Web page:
Mike and Jake financed the trip themselves which made it important to them to raise more than the £2,500 it cost. “I could have just put them money in without doing the trek if that had been the case but Izzy’s story has touched so many and we have had amazing support and messages from people,” says Mike who trained on a daily basis for months in preparation for the challenge.

The amount they raised has already reached £5,000 with donations still possible. Mike explains everyone in the 26-strong group they climbed with had their own very personal reason for being there.

“We all bonded very quickly and shared our stories and it was very moving. When we reached the summit we put on the long-sleeved t-shirts I had had made. The painful things is we will never have a photograph of Suzanne and myself and our two children together but I wanted to stand on that mountain with both of my children together and that was possible by having those photos printed on there.

“The photograph of Izzy was taken on one of the last days we all went out while she was well enough. She was so determined to get on that swing, even though it actually made her worse afterwards. That determination and fighting spirit she had made it possible for me to keep going.

“I wasn’t the only one shedding a tear at that moment, it was very emotional,” says Mike. As promised, he also had a small, purple elephant - Izzy’s favourite animal, in her favourite colour with him.

It was the end of a gruelling journey which had taken them across treacherous terrain where they risked serious injury or worse at times.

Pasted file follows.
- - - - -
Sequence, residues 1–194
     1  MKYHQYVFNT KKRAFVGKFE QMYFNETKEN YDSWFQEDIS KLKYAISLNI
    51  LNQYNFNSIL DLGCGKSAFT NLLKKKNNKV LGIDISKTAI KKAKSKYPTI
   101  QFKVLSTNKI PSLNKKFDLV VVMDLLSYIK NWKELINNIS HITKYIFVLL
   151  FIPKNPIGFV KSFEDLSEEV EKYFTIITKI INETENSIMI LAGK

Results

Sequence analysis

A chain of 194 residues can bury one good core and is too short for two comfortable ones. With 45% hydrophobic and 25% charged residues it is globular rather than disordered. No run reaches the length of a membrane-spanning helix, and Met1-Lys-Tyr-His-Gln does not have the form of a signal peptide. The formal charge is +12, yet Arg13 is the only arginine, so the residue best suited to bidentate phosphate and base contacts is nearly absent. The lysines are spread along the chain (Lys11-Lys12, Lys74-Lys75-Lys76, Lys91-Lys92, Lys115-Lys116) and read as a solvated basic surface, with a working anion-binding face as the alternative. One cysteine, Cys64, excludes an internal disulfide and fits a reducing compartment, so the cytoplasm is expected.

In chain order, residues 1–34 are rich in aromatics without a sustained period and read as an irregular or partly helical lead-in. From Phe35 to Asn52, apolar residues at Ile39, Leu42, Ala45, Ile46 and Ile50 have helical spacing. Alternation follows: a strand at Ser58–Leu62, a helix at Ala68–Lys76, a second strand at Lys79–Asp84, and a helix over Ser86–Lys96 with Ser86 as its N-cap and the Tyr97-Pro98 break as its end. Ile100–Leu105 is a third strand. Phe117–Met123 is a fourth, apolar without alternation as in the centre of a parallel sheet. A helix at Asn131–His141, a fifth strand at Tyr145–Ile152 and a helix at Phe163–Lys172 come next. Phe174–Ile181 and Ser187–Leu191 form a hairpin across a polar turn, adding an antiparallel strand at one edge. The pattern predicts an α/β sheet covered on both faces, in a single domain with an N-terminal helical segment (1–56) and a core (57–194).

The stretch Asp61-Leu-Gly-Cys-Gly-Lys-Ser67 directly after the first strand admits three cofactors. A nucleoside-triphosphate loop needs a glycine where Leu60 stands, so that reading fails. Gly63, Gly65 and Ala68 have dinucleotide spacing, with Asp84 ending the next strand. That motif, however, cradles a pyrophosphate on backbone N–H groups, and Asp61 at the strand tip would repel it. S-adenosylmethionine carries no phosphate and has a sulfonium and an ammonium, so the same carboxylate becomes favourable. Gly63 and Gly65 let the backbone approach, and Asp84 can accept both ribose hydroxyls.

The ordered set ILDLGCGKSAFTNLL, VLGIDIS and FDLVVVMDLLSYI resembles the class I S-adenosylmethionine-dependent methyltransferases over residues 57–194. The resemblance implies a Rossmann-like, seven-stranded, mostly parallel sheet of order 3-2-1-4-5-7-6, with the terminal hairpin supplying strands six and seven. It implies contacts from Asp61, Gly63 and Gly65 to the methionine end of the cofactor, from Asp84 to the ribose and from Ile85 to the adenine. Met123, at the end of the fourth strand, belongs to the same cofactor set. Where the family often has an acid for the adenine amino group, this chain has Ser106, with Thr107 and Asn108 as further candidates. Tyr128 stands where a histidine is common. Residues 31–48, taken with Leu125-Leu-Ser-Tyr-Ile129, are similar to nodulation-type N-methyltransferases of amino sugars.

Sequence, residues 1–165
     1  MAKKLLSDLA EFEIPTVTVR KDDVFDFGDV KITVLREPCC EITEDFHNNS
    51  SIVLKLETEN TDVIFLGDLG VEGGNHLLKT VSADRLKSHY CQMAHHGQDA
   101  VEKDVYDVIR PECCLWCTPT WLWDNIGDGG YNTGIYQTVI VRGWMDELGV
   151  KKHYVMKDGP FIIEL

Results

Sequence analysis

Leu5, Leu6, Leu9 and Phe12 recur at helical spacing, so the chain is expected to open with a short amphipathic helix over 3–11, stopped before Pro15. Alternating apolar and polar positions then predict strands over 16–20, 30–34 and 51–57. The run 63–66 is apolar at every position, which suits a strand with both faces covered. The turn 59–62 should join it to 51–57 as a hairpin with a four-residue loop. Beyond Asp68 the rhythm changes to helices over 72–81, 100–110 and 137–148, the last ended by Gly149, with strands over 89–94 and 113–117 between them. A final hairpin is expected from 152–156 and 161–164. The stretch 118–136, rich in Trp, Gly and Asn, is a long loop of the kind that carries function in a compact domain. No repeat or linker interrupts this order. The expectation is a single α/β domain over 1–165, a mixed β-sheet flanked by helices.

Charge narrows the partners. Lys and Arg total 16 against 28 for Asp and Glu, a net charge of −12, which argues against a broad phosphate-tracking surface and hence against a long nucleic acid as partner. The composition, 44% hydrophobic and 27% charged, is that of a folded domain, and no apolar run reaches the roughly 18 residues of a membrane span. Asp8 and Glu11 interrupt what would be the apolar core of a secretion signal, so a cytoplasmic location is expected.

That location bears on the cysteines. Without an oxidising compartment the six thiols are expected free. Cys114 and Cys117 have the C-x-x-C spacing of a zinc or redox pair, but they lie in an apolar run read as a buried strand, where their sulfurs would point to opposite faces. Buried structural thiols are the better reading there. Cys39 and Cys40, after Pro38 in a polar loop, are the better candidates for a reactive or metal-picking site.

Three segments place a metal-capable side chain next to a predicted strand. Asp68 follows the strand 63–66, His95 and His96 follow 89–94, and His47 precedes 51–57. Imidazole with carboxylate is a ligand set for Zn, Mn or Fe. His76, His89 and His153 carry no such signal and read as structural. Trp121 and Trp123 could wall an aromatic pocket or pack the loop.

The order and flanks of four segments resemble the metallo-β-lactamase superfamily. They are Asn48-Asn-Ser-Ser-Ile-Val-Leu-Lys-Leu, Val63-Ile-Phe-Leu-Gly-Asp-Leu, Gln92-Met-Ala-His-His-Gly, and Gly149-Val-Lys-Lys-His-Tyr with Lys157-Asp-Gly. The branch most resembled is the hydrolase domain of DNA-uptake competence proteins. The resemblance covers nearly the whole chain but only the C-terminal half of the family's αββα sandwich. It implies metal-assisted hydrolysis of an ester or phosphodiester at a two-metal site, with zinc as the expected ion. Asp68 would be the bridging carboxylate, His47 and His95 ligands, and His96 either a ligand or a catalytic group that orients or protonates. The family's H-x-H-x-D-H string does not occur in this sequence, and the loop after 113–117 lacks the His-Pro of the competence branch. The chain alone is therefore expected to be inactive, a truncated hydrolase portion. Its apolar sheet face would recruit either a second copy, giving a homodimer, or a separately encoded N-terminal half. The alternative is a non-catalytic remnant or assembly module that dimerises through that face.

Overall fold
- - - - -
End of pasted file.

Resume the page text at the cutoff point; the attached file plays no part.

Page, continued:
The final ascent was completed in darkness, meaning they arrived in time for sunrise and a spectacular view. But Mike, as were others, was beginning to suffer the side effects of altitude sickness.

“I had a couple of bleeds on my retinas, which can be an extreme reaction. I noticed as I was approaching the top, I could not make out the full facial details of people coming the other way.

“You have a doctor with you all the time though and he just ushered me to the front so I could have my pictures taken and then made sure I could get back down to lower ground. It was a bit strange but it got better as soon as we started to go down,” says Mike. The ascent of the mountain takes the walkers around it so that it is gradual and gets them used to the altitude, while the descent is quicker and takes around a day.

“We all said we wanted to have a hot shower and a cold beer as soon as we got off the mountain.

“It was extremely dusty up there from the volcanic dust, you cannot explain how bad that is, it just gets everywhere.

“And it was very cold at night too. It is like a martian landscape up there.” Having had some much needed time to rest and re-cooperate, Mike is already planning his next challenges.

He will raise funds for the Make-a-Wish foundation later this year by doing the London Landmarks half marathon and then in April 2018 will tackle his first London Marathon, for Izzy’s Memorial Fund, part of the Children’s Cancer and Leukaemia Group. Mike says: “Make-a-Wish were in touch with us as they were trying to arrange for her to meet Mr Tumble from Cbeebies but sadly there was not enough time so I wanted to do something for them.”

* You can still donate to the fund at